In defence of strikes

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Over the coming months it is highly likely that low paid workers in public services, such as local government employees, are to engage on a national level in industrial action to secure better pay. Cue the inevitable howls of outrage from the mainstream media and political class, as they denounce such workers and the trade unions representing them as radical extremists intent on damaging not only Britain’s “hard working taxpayers,” but the very survival of the British economy itself. Such outlandish rhetoric, wheeled out every time workers are forced into taking industrial action to improve or protect their terms and conditions, helps obscure the real role of trade unions in society. This leads to people often coming to see them as little more than overly paid bureaucrats or mischief-causing militants and as a result feeling less inclined to support the workers involved.

In a close to home example, trade unionists on campus have in recent years faced responses from sections of the student populace which have been at best irreverent, and at worst openly hostile. In this context, we feel the need to argue why we as students should in fact support trade unions, even when it comes to such apparently contentious matters as industrial action, not only because it is morally right for us to do so, but as we hope to show, because it is actually in our own personal interest.

It must always be remembered that without employees putting in considerable hours at work most of the services and businesses we use on a daily basis would not function. In universities for example, without academic and support staff represented by unions such as UCU and Unison, higher education would just not operate in an effective manner. For this reason, workers, in return for the labour they put in to keep these services ticking are entitled to pay and conditions which meet their everyday needs. Sometimes employers, whether they be government departments or private bosses, do not always give employees what they actually need, whether this be living wages, adequate sick pay, or maternity or paternity pay. In this context workers need organisations which can fight for their interests, and historically trade unions have played such a role. By defending their interests in the workplace, unions can help employees in the face of hostile management. As a consequence of this, it is imperative for students to support employees having the right to unionise and to back unions when they engage in industrial or political campaigns for the benefit of their members, such as the low paid women who primarily work in local government to keep it functioning.

Some students may argue that unions cannot be supported because they engage in disruptive strike action. In reality it can be argued that it is short-sighted for students to oppose trade unions and their use of strikes given that many graduate-only professions are ones protected by unions, and that they themselves may be forced into engaging in strike action in order to defend their interests. In fact, it is highly advisable that students, whether they be working to support their studies at the moment, or are leaving university for careers, consider becoming unionised. Membership of unions has repeatedly been shown to have benefits for employees, with that bastion of militant Marxism The Daily Telegraph recently reporting that employees are on average £4000 per year better off if they belong to a union than if they do not.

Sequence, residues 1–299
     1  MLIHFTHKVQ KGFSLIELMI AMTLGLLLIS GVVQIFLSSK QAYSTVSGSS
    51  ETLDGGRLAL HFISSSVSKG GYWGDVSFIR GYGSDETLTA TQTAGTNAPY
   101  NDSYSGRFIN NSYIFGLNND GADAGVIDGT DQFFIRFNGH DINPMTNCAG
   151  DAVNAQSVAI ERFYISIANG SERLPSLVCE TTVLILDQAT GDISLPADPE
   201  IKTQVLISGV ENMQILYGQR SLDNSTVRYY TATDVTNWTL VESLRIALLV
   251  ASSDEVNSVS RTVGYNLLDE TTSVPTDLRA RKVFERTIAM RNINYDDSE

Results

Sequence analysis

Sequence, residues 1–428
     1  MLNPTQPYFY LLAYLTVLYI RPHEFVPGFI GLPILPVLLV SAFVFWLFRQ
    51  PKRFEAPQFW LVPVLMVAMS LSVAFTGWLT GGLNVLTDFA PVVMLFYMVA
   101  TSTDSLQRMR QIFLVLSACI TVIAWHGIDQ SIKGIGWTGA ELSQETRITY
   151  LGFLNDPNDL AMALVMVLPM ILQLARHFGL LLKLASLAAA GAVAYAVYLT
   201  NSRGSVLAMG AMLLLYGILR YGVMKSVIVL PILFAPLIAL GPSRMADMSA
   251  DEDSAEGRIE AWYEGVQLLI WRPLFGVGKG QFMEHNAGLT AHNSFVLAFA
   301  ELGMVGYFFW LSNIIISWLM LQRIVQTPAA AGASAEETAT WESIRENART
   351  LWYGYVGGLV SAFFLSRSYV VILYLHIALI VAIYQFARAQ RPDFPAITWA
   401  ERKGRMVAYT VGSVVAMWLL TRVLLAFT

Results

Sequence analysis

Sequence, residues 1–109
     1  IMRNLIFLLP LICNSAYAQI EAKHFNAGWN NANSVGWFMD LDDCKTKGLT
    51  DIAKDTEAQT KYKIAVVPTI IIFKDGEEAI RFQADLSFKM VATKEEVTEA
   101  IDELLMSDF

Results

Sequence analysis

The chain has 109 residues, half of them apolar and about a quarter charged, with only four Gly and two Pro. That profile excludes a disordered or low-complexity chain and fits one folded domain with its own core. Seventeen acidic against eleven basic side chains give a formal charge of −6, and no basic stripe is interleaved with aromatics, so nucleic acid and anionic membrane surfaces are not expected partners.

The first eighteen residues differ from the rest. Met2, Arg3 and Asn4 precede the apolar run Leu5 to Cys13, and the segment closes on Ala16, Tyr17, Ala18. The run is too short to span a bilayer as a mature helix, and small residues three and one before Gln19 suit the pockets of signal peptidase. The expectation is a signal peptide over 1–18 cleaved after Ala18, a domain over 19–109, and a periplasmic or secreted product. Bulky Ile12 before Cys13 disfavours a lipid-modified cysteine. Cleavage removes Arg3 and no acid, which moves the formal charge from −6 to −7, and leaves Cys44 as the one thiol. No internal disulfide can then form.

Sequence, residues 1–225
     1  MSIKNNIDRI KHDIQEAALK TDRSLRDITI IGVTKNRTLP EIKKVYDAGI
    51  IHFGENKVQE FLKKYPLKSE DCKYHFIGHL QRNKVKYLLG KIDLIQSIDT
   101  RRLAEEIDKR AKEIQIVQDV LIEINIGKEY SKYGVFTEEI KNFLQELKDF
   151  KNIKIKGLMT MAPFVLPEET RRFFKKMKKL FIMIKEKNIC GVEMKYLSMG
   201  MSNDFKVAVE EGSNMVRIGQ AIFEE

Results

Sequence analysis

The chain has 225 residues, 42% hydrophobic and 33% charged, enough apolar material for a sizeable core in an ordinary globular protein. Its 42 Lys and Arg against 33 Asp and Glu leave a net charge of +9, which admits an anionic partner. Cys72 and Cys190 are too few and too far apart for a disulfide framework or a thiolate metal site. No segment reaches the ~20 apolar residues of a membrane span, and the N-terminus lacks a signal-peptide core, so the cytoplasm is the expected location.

In an economy increasingly characterised by low paying and insecure jobs, unionisation can be seen as a clear way of securing a greater potential for higher pay and greater job security, with strikes, as disruptive and inconvenient as they may be at times, being one of the most effective tools employees can wield.

It is sometimes argued that trade unions are now outdated institutions, ones which fail to engage with the views and needs of the wider public as it exists now, and are therefore undeserving of support or respect. Frequently, trade union members are presented in political and media debates as overly militant and unreasonable, a throwback to the sort of class based politics modern Britain has supposedly transcended. On the other hand, we would argue that the failure of trade unions has not been that they have been too disruptive and demanding in disputes, and in such a way failed to recognise the needs of the public, but rather that they have been too cautious when challenging political and economic power and as such have failed to properly mass mobilise employees, particularly those private sector employees viewed as “hard working members of the public,” into organising and taking action. In this way, instead of condemning them from the side-lines as outdated and flawed, we as students should be actively engaging with unions in order to make them more effective and influential in fighting for employees. We can easily start such a process by fully supporting the ongoing efforts of public sector trade unions to win better pay for their grossly underpaid and exploited members, those who have particularly suffered during the recent years of crisis and austerity and who are fully entitled to pay that enables them to adequately live.

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